Now she could go. That was her one crying thought: She could go! And again he came to her rescue with his smiling considerateness.
“You have missed your breakfast, I’ll warrant,” he said to her. “Please don’t wait. You were so brave and cool about it all, and—I—” A faint tide of color rose to his cheeks, which had been pale from loss of blood. For once he seemed unable to find a word.
Mary denied him any assistance in his embarrassment.
“Yes,” she answered, almost bluntly. Then she added an excuse: “And you should have a doctor at once. I will send him.”
She did not look at Jack again, but hastened away. When she was over the bank of the arroyo out of sight she put her fingers to her temples in strong pressure. That pulse made her think of another, which had been under her thumb, and she withdrew her fingers quickly.
“It is the sun! I have no hat,” she said to herself, “and I didn’t sleep well.”
Dr. Patterson was still asleep when Mary rapped at his door. Having aroused him to action by calling out that a stranger had been wounded in the arroyo, she did not pause to offer any further details. With her eyes level and dull, she walked rapidly along the main street where nobody was yet abroad, her one thought to reach her room uninterrupted. As she approached the house she saw her father standing on the porch, his face beaming with the joy of a serenely-lived moment as he had his morning look at the Eternal Painter’s first display for the day. She had crossed the bridge before he became conscious of her presence.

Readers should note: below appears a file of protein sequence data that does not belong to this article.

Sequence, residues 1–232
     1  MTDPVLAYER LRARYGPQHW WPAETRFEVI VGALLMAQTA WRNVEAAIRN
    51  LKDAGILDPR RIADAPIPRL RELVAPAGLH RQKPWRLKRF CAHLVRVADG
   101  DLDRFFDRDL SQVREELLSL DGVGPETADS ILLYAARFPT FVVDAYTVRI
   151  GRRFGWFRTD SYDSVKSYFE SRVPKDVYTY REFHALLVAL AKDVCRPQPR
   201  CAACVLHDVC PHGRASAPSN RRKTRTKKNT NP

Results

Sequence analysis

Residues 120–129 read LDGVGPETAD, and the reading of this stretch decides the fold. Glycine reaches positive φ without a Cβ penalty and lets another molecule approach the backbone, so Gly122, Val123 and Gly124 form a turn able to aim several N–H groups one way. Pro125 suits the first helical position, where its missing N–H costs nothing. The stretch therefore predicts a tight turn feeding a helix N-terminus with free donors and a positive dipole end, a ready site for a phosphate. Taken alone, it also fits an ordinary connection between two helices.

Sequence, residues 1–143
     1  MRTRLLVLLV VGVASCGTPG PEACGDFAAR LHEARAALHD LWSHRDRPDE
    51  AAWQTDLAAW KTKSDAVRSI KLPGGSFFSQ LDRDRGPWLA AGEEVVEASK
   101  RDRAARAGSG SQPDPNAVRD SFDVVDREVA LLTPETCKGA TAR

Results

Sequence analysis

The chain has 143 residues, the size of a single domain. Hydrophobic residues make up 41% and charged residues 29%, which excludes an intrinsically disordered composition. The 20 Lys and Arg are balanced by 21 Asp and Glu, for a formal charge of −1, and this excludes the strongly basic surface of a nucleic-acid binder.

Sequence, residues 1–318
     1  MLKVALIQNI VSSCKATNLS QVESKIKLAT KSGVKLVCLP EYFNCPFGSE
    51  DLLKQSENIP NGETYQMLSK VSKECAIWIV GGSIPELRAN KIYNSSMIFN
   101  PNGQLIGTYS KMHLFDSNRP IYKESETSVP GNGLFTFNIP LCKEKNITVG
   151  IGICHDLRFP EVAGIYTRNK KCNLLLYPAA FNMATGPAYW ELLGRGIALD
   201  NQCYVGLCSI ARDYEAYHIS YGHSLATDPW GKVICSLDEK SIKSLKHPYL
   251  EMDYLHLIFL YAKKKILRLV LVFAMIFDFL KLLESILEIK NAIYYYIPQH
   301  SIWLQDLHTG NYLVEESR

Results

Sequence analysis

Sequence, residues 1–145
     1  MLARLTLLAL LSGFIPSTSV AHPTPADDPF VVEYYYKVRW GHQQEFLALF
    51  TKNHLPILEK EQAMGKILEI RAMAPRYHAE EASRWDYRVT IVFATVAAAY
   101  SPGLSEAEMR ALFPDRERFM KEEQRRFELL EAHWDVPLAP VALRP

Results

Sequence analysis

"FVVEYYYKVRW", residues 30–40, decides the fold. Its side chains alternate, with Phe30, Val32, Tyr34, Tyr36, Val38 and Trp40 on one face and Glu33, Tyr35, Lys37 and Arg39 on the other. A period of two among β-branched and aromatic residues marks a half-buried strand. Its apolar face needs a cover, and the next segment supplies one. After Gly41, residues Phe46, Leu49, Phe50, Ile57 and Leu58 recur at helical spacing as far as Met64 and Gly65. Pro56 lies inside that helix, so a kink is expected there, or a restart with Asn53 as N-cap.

“Mary! You are up first! Out so early when you went to bed so late!” he greeted her.
“I did not sleep well,” she explained.
“What, Mary, you not sleep well!” All the preoccupation with the heavens went from his eyes, which swept her from head to foot. “Mary! Your hand is covered with blood! There is blood on your dress’ What does this mean?”
She looked down and for the first time saw dark red spots on her skirt. The sight sent a shiver through her, which she mastered before she spoke.
“Oh, nothing—or a good deal, if you put it in another way. A real sensation for Little Rivers!” she said.
“But you are not telling!”
“It is such a remarkable story, father, it ought not to be spoiled by giving away its plot,” she said, with assumed lightness. “I don’t feel equal to doing full justice to it until after I’ve had my bath. I will tell you at breakfast. That’s a reason for your waiting for me.”
And she hastened past him into the house.
“Was it—was it something to do with this Wingfield?” he called excitedly after her.
“Yes, about the fellow of the enormous spurs—Senor Don’t Care, as Ignacio calls him,” she answered from the stair.